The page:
Virtual ATON marks sunken towboat on swollen Mississippi

The following is the text of a news release from the U.S. Coast Guard:

(WASHINGTON) — The U.S. Coast Guard and Army Corps of Engineers established a virtual aid to navigation (ATON) to mark a sunken workboat in the lower Mississippi River during the historic floods there last week.

The tow vessel William Strait sank in 20 feet of water on the lower Mississippi River near Memphis on Dec. 14, 2015, following a collision with the tow vessel Margaret Ann.

The Coast Guard Office of Navigation Systems and 8th Coast Guard District Waterways Management Office worked with the Lock Operations Management Team (LOMA) from the Costal Hydraulics Laboratory (CHL) at the Army Corps of Engineers Research and Development Center to quickly establish the virtual aid until the floodwaters recede enough for the wreck to be salvaged.

Broadcasted via automatic identification system (AIS), the virtual aid transmits a constant bearing and range that can be seen on AIS integrated electronic charting systems and radars.

The Army Corps of Engineers LOMA team included employees from CHL and the Information Technology Laboratory (ITL).  Employees from the Army Corps of Engineers-Information Technology (ACE-IT) Operations and Security Departments, U.S. Army Corps of Engineers Memphis District, Corps Marine Maintenance Facility at Ensely Engineer Yard, and the Coast Guard's Research and Development Center also took part in the effort.

“The multi-agency collaboration on e-Navigation and AIS began over 10 years ago, and in 17 years of federal service, it has be one of the most successful partnerships in which I have had the pleasure to work,” said Michael F. Winkler, a research hydraulic engineer at CHL. “The effort to have a virtual ATON mark the sunken vessel went from general discussion to successful transmission in just over 48 hours.”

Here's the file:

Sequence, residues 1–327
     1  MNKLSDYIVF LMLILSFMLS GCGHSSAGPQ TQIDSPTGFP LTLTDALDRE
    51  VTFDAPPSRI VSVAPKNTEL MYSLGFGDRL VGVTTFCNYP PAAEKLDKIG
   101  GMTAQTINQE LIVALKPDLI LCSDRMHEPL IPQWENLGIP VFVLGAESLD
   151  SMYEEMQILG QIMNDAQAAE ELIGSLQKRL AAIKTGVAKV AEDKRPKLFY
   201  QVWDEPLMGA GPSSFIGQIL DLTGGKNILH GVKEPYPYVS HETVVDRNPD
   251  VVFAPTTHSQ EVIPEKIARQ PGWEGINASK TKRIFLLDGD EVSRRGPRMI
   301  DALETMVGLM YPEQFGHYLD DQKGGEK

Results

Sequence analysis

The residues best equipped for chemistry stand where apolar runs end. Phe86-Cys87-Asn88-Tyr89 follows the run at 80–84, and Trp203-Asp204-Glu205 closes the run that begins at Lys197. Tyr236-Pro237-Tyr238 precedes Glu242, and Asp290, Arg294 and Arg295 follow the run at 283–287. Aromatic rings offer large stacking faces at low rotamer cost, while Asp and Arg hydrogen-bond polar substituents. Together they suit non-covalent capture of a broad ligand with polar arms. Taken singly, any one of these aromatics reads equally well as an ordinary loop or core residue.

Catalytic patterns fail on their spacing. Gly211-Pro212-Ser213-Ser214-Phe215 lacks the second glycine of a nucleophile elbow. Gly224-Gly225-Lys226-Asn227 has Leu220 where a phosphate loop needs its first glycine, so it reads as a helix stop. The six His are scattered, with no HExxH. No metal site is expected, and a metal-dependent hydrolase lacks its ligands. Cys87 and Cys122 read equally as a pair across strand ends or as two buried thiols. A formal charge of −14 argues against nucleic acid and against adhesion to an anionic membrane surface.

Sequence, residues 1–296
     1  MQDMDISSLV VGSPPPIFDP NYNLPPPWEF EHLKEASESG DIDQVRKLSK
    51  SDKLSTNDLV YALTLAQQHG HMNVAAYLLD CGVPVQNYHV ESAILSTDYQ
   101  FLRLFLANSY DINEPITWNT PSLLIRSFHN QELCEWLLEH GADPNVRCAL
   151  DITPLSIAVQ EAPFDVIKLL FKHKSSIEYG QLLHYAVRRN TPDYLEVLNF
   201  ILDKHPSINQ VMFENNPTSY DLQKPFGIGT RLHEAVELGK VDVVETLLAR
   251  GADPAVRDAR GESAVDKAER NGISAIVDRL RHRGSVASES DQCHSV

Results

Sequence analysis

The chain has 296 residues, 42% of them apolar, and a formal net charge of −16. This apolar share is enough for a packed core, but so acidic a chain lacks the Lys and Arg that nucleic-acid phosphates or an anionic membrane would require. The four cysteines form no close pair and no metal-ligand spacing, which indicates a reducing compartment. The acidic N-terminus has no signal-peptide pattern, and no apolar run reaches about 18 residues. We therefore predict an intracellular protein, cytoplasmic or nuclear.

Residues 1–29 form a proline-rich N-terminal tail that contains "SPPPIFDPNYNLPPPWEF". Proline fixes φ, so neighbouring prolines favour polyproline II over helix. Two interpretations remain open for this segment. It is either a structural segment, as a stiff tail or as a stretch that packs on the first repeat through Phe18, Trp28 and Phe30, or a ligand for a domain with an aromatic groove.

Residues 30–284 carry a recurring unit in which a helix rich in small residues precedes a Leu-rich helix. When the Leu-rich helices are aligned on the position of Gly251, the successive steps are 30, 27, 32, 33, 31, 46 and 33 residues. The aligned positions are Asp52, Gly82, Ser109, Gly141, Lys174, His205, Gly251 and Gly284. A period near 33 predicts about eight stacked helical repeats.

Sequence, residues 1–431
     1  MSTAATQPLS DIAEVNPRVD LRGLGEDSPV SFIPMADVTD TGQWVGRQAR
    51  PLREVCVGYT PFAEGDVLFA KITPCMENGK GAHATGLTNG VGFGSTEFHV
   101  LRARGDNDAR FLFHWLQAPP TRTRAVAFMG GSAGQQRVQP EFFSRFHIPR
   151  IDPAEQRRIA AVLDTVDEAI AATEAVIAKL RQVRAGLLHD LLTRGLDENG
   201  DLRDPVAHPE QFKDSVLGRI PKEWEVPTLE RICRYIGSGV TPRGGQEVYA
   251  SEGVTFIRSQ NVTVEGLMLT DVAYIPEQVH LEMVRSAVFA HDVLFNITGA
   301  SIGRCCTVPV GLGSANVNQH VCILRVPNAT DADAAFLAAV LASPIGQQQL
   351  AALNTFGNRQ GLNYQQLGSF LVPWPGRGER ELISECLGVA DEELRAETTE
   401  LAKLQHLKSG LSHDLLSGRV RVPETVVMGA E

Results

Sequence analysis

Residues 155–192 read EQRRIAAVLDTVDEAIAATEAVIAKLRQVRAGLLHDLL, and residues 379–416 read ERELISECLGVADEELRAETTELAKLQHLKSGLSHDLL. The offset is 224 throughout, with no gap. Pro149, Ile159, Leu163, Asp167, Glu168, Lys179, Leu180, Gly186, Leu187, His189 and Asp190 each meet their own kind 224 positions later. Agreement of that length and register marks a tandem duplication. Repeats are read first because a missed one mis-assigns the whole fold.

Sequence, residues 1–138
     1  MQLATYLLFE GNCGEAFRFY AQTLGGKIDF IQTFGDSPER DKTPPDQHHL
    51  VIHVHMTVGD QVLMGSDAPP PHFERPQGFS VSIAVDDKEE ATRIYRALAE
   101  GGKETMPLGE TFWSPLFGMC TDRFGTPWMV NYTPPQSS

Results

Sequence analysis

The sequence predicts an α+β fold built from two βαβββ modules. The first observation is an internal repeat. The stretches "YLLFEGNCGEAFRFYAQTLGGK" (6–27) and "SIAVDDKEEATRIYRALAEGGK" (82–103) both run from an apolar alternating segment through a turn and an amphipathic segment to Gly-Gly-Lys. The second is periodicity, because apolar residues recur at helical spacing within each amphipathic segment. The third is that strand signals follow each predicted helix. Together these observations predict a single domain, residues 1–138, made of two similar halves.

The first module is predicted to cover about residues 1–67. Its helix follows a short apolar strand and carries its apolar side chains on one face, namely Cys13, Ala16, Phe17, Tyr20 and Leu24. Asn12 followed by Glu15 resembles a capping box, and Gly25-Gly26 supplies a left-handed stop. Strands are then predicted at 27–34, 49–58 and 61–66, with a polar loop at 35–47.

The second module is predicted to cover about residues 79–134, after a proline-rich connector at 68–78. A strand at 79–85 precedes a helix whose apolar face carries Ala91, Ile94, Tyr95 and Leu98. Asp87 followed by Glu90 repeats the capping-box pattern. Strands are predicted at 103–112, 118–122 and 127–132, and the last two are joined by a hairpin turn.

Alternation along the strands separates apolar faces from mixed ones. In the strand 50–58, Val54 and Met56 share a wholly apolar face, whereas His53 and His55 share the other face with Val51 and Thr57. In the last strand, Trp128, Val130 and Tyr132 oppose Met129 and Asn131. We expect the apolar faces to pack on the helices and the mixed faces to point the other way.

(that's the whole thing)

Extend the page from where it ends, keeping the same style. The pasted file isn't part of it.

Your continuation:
Working with federal, state and local partners, the Coast Guard is leveraging AIS technology to increase situational awareness and navigation safety on U.S. waterways.

Most commercial vessels operating on U.S. waters are required to use AIS technology by March 1, 2016. To access the increased navigation and marine safety information, the Coast Guard is encouraging all mariners to equip their vessels with electronic charting systems that display AIS transmissions.

Some of the U.S. Coast Guard’s AIS initiatives have included sending transmissions from a portable AIS unit to mark ATON and hazards in a waterway in support of the Digital Lightship Resiliency Project on the Coast Guard cutter Healy and using AIS to mark the abutments on the San Francisco-Oakland Bay Bridge to improve bridge conspicuity.

“These initiatives will increase the reliability, availability, resiliency, and effectiveness of the ATON system, while simultaneously improving mariner situational awareness,” said Cmdr. John M. Stone, the chief of the Coast Guard Navigation Technology and Risk Management Division.

For more information about the Dec. 14 incident, click here.

By Professional Mariner Staff